Profile

Leah Chase
Chef, Dooky Chase’s Restaurant; Philanthropist; “Queen of Creole Cuisine”
New Orleans, Louisiana
“We need to get people back to the dinner table, to talk and practice good manners and eat simple meals. Because family is where it all begins.”

When she was a child growing up in rural Louisiana, Leah Chase’s father gave her three rules to live by. The first was to pray. The second, to work. And the third, to do for others. “I’ve lived by those rules every day of my 93 years,” Chase said. “I could not live a day without doing something for someone else. I wouldn’t be happy.”

That’s why, on most days, you can still find her in the kitchen at Dooky Chase’s Restaurant preparing others her famous Creole cuisine. She’s been a fixture there since the 1940s when she and her husband, Edgar “Dooky” Chase, Jr., took over the restaurant from her in-laws.

Back then, the renowned New Orleans establishment was not only a place to try Chase’s home-cooked meals, but also a cultural meeting spot. During the 1960s, people of all races would gather there to discuss the Civil Rights Movement. Dooky Chase’s has maintained its cultural significance over time, catering to celebrities and politicians alike. But it’s the everyday patrons who come to sit and talk with Chase each day that continue to inspire her.

“People are the most important thing in life. Living is beautiful. But living with people – meeting people, thinking about people, helping people – that’s what makes life worth living,” she said.

After more than 70 years in the kitchen, Chase knows how to create dishes that are both healthful and flavorful. But she believes eating healthfully is about more than ingredients. “I am a big believer in eating in moderation,” she said.

“We used to only eat fried chicken on Sundays. Now, people want it every day. But you can’t. You need to have something to look forward to or it isn’t special.”

Chase also believes healthier communities start at home. “We need to get people back to the dinner table, to talk and practice good manners and eat simple meals. Because family is where it all begins,” she said.

Although Chase is considered the “Queen of Creole Cuisine,” that doesn’t mean she’s done learning. “As you go along in life, you learn to do different things. But, most important, you learn to be a part of things. You have to play your part to make a difference,” she said. “And that’s what I do through cooking.”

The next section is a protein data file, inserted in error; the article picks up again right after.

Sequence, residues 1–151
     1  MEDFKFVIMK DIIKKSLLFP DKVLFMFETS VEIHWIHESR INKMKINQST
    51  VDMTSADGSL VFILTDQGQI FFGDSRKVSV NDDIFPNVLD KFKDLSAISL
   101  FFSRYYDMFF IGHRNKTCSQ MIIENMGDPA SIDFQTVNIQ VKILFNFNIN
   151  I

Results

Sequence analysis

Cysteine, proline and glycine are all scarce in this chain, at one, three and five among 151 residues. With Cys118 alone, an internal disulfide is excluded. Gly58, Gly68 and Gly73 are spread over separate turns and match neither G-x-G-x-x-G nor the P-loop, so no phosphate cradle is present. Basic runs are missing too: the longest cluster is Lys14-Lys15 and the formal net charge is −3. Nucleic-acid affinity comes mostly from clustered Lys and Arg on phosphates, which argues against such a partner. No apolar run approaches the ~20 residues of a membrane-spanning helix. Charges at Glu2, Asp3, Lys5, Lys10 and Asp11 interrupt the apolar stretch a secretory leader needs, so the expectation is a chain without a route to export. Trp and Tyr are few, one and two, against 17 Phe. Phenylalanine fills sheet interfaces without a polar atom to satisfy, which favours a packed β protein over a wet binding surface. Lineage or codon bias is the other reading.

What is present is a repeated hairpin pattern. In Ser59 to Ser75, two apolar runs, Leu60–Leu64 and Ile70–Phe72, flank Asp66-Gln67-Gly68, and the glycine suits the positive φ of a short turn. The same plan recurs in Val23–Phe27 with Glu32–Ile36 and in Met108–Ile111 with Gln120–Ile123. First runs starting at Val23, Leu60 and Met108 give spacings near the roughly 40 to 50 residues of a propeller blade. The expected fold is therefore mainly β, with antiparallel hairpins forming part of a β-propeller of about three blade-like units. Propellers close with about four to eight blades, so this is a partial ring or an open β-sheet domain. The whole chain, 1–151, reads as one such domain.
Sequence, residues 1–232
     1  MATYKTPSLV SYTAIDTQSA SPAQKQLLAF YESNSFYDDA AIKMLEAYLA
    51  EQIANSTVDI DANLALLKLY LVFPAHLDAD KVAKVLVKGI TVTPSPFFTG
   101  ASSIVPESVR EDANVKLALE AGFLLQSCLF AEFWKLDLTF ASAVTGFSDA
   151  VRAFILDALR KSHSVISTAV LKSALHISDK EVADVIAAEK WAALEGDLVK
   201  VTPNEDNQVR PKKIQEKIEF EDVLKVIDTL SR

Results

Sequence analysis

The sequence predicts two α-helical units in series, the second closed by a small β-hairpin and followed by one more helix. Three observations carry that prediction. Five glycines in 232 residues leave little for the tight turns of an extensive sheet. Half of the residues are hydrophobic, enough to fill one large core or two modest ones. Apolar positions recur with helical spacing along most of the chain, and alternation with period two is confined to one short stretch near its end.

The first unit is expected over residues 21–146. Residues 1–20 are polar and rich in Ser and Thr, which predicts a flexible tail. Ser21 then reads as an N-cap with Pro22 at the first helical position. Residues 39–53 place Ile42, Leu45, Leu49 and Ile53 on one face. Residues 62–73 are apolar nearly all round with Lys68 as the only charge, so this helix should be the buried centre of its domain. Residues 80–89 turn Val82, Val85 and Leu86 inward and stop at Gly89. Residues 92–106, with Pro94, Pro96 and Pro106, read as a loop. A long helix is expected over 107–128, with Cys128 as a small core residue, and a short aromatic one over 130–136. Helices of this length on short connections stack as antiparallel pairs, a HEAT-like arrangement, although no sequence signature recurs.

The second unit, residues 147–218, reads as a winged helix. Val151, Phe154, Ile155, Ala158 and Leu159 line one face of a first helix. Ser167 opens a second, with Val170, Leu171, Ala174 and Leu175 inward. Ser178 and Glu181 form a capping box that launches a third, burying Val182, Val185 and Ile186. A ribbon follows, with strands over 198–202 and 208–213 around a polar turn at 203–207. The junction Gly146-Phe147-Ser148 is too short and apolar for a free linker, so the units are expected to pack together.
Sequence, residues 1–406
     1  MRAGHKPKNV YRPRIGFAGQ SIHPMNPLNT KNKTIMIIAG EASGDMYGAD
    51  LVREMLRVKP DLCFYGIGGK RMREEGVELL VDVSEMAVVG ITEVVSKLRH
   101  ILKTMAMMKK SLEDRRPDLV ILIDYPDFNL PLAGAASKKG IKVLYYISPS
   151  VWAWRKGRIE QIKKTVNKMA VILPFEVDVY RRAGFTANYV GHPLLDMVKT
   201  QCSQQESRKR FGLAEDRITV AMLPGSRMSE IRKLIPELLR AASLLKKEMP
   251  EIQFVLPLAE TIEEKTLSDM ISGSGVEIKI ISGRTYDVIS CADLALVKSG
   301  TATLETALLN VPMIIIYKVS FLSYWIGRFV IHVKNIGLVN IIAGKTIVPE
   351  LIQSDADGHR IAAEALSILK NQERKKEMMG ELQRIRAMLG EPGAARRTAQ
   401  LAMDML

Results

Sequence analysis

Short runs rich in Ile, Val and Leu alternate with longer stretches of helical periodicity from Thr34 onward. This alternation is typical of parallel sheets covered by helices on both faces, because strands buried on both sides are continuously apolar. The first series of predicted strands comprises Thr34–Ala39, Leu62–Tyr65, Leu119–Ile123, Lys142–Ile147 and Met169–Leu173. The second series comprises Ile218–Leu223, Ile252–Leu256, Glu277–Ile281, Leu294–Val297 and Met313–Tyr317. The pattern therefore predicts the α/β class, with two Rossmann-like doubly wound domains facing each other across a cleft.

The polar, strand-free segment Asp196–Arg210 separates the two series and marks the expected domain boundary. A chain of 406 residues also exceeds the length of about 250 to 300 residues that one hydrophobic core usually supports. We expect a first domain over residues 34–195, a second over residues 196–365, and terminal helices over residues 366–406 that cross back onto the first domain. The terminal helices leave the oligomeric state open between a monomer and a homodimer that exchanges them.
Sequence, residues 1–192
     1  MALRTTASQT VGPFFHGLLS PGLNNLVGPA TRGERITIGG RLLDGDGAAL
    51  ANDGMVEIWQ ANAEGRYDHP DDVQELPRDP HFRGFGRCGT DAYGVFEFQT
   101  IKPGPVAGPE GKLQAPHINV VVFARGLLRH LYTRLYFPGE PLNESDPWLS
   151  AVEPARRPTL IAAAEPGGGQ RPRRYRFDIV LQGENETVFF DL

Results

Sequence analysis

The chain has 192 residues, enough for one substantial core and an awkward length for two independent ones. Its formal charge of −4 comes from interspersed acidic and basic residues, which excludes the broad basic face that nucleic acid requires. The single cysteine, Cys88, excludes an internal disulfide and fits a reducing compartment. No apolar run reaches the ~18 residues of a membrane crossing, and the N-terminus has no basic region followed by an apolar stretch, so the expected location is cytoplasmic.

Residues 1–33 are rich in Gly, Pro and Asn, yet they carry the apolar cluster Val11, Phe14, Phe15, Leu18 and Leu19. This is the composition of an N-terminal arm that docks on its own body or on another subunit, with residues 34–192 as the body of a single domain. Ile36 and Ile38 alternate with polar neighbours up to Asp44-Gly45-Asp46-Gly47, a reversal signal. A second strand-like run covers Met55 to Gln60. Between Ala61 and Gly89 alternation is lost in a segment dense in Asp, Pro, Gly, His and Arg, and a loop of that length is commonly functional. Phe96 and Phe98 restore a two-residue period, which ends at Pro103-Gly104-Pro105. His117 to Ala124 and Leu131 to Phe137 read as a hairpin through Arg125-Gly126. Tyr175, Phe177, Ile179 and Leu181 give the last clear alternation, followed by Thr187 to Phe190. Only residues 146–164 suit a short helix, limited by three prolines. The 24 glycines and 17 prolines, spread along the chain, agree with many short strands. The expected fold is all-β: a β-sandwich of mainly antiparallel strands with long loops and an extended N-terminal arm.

Biography


Known as the “Queen of Creole Cuisine,” Leah Chase is a chef, author and advocate for African American Art.

As executive chef of Dooky Chase’s Restaurant, Leah Chase has fed notable civic and international leaders, legendary entertainers, United States presidents and countless others. She was the inspiration for the character Princess Tiana in Disney’s movie The Princess and the Frog.

After completing high school, Ms. Chase waited tables in the French Quarter, and developed her love for food and feeding others. In 1946, she married local musician Edgar “Dooky” Chase, Jr. and joined him in operating Dooky Chase’s Restaurant, one of the few public places in New Orleans where mixed race groups could meet to discuss the Civil Rights Movement.

Ms. Chase has received many awards and honors from numerous organizations, including the NAACP, New Orleans Times-Picayune, National Conference of Christians and Jews, National Council of Negro Women, National Restaurant Association, Southern Foodways Alliance, Distinguished Restaurants of North America, and Southern Food and Beverage Museum.

In 2010, Ms. Chase was inducted into the James Beard Foundation’s Who’s Who of Food & Beverage. She has received honorary degrees from Tulane, Dillard, Loyola, and Johnson & Wales universities; and Our Lady of Holy Cross and Madonna colleges. She has served on many boards, including the Arts Council of New Orleans and the New Orleans Museum of Art; and is a current member of Women of the Storm and International Women’s Forum. Learn more at dookychaserestaurant.com.

Chicken Creole with Shrimp


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